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Foot Health: With fall sports in full swing, don’t let those high ankle sprains sideline your athlete

By Dr. Jamie Settles Carter
Special to KyForward

As Fall is in full swing and winter is quickly approaching, football season and basketball season are upon us. And you can’t have sports without sports’ injuries, right?

One injury, in particular, keeps athletes out for longer periods of time, and that is the high ankle sprain. Different than a common ankle sprain in that it injures a set of ligaments located above the ankle joint. This area is especially prone to injury because it is exposed to high forces in athletics like running, cutting, and contact.

The difficult thing is that these high ankle sprains have very little swelling or bruising, making them hard to see with the naked eye. The telltale sign that a high ankle sprain has occurred is when athletes experience pain radiation from the ankle up when performing twisting motions. And this is when you should go see your doctor.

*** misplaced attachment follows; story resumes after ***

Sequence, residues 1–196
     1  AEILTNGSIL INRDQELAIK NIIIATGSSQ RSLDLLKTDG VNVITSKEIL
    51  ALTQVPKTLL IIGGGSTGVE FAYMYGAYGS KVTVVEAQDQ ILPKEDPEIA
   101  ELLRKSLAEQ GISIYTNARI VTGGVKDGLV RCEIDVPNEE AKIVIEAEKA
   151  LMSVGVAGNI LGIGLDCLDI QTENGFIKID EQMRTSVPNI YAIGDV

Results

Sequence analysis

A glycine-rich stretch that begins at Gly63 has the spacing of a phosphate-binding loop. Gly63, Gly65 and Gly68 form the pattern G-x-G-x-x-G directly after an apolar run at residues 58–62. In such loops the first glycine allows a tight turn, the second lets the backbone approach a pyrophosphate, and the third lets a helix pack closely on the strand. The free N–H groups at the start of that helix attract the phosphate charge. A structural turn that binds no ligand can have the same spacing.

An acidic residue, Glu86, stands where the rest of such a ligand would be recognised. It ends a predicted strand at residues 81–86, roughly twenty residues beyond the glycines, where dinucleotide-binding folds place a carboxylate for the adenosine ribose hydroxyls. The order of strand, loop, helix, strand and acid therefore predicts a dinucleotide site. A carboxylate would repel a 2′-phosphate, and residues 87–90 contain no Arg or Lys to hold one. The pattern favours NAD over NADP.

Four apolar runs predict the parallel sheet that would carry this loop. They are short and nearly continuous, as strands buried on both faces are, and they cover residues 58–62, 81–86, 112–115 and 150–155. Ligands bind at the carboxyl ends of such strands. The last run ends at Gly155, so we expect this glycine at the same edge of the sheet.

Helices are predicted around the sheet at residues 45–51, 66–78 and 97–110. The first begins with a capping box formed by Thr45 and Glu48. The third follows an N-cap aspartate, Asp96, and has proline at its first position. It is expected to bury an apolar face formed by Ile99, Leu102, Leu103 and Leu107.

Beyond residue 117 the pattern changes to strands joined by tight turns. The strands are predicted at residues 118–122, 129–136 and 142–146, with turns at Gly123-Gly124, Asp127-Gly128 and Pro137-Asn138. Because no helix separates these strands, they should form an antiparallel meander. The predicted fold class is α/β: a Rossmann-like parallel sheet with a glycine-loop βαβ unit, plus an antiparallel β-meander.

Sometimes a really bad ankle sprain can be worse than a break.

If it’s a break, you’re going to cast it, immobilize it, and sometimes depending on the break, put pins in, and the ankle will heal up correctly.

With a bad ankle sprain, people don’t always get the care they need because they assume it will just heal on its own.

This is NOT the case.

If proper treatment isn’t given, the ankle never heals properly, tendons and ligaments are loose, and one could have a ‘bad’ ankle for the rest of their life!

The key words are severe pain. Severe ankle sprains often have ligament tears or fractures involved, which must be treated by a doctor with a cast or other immobilizing device in order to heal properly.

In some cases surgery may even be necessary. But the best thing for high ankle sprains is the good old-fashioned RICE therapy.


If you experience any sports-related sprains this season, be sure to make an appointment with your Podiatrist to get it checked out. The last thing you want is to ignore a sprain and have a forever lasting weak ankle!


Dr. Jamie Settles Carter is a Podiatrist and partner at Lexington Podiatry

For more Foot Health columns, click here.

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